readData(base,&vertices);
       for (i=0; i<48; i++)
          cout << vertices[i].bldgId << endl;
    
       //Clean up memory when done
       delete []vertices;
       return 0;
    }
    
    int readData(Point base[2], Vertex** vertices) 
    { 
       int nPts = 0; 
       int i;
    
       *vertices = new Vertex [48]; 
    
       ifstream fin("survey.dat");
       if (!fin)
       {
          cout << "Could not find file.\n";
          return 0;
       }
       while (fin>>(*vertices)[nPts].bldgId)
       {
          cout<<(*vertices)[nPts].bldgId << endl; 
          nPts++;
       }
       cout << "nPts:" << nPts << endl;
       return 1;
    }
    You can use a single pointer (Vertex *vertices) if you allocate the array in the main() function.
    Also be sure that nPts is 48 at the end of the function, otherwise you may be going past the end of the array.
    If nPts is your return value, then change the last line above to:
    return nPts;

  7. #7
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    Thx swoopy. I don't think I need double pointers. Don't even know what that is!

    I figured it out though. Just needed to dynamically declare vertices in the loop.

    And now I am trying to do a bubble sort of the data read in but it's giving me grabage values. w/o the bolded lines of code, the output is correct (unsorted of course) so is it not possible to swap structures like that?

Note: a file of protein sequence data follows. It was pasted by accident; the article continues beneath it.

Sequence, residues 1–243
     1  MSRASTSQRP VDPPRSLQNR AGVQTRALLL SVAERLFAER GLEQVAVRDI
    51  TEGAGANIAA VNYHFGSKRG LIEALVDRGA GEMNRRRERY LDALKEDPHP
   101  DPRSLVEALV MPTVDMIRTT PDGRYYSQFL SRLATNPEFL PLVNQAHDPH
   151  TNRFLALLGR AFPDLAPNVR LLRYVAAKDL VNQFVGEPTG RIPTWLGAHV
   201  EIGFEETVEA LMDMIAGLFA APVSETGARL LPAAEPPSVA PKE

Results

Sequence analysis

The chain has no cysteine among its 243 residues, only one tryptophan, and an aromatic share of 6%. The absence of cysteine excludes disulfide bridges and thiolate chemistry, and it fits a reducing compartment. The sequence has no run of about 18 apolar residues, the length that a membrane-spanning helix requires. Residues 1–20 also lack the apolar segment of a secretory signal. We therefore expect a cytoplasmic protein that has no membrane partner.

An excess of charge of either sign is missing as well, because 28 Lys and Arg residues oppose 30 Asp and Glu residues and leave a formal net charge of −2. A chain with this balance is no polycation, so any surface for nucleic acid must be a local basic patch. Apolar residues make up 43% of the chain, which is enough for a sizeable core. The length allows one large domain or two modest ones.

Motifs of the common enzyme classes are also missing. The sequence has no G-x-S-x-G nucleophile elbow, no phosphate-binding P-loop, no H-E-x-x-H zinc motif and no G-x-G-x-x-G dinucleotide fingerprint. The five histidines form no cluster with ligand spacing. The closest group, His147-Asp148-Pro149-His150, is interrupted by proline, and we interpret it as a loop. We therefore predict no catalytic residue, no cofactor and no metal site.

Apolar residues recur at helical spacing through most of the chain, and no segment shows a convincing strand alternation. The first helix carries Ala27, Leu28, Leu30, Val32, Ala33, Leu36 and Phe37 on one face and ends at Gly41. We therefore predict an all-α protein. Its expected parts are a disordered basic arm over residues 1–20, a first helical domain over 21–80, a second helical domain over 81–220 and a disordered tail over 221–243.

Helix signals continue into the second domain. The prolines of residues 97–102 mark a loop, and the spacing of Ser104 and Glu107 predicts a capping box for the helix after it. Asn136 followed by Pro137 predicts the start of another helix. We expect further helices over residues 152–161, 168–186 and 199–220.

Code:
    // Sort the vertices according to the angle of the relative polar coordinates
    void sortVertices(Vertex* vertices[], int nPts)
    {
          Vertex temp;
          bool exchange;
          
          do
          {
                exchange = false;
                for (int counter=0; counter < nPts; counter++)
    	  if (vertices[counter]->polar.theta > vertices[counter+1]->polar.theta)
      	 {
    	      vertices[counter] = new Vertex;
    	 
                          temp = *vertices[counter];
    	      *vertices[counter] = *vertices[counter+1];
    	      *vertices[counter+1] = temp;
    				
    	      exchange = true;		
    
    	      cout<<vertices[counter]->polar.d<<" "<<vertices[counter]->polar.theta<<" "<<endl;
    	 }
    	 nPts--;
          }
          while (exchange == true);
    }

  8. #8
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    I'm glad you got the allocation figured out. For the swap, normally you would have to swap each individual part of the structure. However in your case I believe all you need to do is swap the pointers, so this should work.
    Code:
    //Declare temp as:
    
          Vertex *temp;
    
    //Change the swap statements within the loop to this:
    	      temp = vertices[counter];
    	      vertices[counter] = vertices[counter+1];
    	      vertices[counter+1] = temp;
    And leave this statement out:
    vertices[counter] = new Vertex;

  9. #9
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    ofstream fin("filename.txt");
    if (fin.fail()) {
    cout << "\nCouldn't find the file" << endl; }